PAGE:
Whether you read it Makkah or Mecca, it may seem to you for a while that it is just another example of a different spelling in a language, and it is normal and usual for this to happen in any language. But when you stop to take another look, a closer look, you will find that there is a linguistic dimension much deeper than you thought, and that although these spellings differ, they do share linguistic facts.
Both terms refer to the Holy Land and the Grand Mosque, but in other contexts, the reference goes beyond the boundaries of “Mecca” that we know, the spatial boundaries and the Islamic dimension, to be synonymous with the mass gatherings and the estuary to which people gather, as it is said:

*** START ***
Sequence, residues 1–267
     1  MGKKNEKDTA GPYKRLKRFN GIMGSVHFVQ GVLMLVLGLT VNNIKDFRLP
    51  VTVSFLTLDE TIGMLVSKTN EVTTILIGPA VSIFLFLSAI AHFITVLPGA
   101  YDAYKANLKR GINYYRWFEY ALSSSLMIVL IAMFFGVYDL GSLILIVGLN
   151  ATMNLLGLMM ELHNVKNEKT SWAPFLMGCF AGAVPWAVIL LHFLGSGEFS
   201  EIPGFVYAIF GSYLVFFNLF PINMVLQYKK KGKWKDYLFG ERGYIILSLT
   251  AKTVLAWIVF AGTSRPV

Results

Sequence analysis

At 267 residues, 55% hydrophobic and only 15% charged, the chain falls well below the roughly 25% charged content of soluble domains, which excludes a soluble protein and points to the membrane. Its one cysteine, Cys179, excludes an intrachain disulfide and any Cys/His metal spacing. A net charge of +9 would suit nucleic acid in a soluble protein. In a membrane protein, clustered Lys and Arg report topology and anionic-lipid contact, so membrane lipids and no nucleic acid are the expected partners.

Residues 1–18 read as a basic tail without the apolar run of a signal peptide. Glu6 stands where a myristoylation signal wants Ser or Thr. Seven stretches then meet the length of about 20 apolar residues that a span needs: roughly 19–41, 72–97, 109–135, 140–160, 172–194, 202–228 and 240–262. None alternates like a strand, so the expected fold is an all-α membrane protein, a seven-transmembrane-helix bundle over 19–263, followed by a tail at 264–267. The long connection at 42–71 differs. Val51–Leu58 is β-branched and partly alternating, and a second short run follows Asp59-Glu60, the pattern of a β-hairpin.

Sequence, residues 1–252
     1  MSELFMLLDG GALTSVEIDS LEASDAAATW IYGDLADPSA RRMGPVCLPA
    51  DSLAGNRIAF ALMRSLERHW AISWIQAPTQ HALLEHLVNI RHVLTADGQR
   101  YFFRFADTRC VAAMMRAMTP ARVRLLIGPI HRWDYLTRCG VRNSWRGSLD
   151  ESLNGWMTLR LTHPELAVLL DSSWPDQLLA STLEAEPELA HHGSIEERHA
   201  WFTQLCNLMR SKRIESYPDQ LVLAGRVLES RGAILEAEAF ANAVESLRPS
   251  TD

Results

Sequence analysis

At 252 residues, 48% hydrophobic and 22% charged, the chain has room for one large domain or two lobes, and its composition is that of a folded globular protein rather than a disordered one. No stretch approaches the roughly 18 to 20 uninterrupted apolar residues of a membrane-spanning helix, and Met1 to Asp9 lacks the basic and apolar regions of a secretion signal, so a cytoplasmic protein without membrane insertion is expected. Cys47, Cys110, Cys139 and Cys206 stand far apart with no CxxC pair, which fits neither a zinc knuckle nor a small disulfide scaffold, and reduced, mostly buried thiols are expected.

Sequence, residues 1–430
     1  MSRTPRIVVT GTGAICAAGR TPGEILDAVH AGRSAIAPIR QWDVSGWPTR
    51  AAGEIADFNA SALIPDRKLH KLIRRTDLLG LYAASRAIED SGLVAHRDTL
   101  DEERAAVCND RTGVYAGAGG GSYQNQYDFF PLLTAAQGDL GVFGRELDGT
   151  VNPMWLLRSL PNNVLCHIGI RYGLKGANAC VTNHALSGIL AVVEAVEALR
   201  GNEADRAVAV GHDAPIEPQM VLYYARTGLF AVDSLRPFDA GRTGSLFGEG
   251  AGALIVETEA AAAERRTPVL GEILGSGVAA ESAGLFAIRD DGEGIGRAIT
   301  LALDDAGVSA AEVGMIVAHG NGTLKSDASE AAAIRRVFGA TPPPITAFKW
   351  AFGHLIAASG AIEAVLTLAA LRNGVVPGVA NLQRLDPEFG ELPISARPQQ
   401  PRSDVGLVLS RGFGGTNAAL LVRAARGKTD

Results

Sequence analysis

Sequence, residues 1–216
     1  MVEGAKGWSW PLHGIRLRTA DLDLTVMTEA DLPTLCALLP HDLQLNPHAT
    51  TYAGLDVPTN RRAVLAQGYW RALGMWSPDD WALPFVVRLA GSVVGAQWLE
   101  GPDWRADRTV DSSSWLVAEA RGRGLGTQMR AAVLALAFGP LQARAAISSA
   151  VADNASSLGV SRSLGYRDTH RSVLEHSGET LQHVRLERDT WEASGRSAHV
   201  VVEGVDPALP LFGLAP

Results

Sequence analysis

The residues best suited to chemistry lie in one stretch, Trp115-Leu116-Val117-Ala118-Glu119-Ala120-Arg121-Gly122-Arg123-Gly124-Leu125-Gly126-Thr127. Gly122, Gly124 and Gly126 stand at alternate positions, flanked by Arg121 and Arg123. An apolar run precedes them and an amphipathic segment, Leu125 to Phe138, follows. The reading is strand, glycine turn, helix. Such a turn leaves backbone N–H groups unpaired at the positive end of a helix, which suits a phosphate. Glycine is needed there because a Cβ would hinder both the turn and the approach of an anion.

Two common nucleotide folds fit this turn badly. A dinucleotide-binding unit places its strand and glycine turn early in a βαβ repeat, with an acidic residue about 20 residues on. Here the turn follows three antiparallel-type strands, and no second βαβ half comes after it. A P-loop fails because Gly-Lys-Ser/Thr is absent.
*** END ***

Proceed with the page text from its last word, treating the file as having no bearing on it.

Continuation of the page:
Silicon valley is a mecca for entrepreneurs.
Holland is a Mecca for jazz enthusiasts
Mecca Beauty or: The place has blossomed into a Mecca for entrepreneurs.
And also: the city became the Mecca of artists.
Contexts other than that are many, in which the meaning of Mecca in the English language moves to meanings that go beyond the boundaries of the word to become “qiblah” and “direction”, and to carry other unique meanings that the hearts of Muslims possess when it is said “Mecca”, such as interpreting it in contexts as “desire” and “ Intensity of longing ”.
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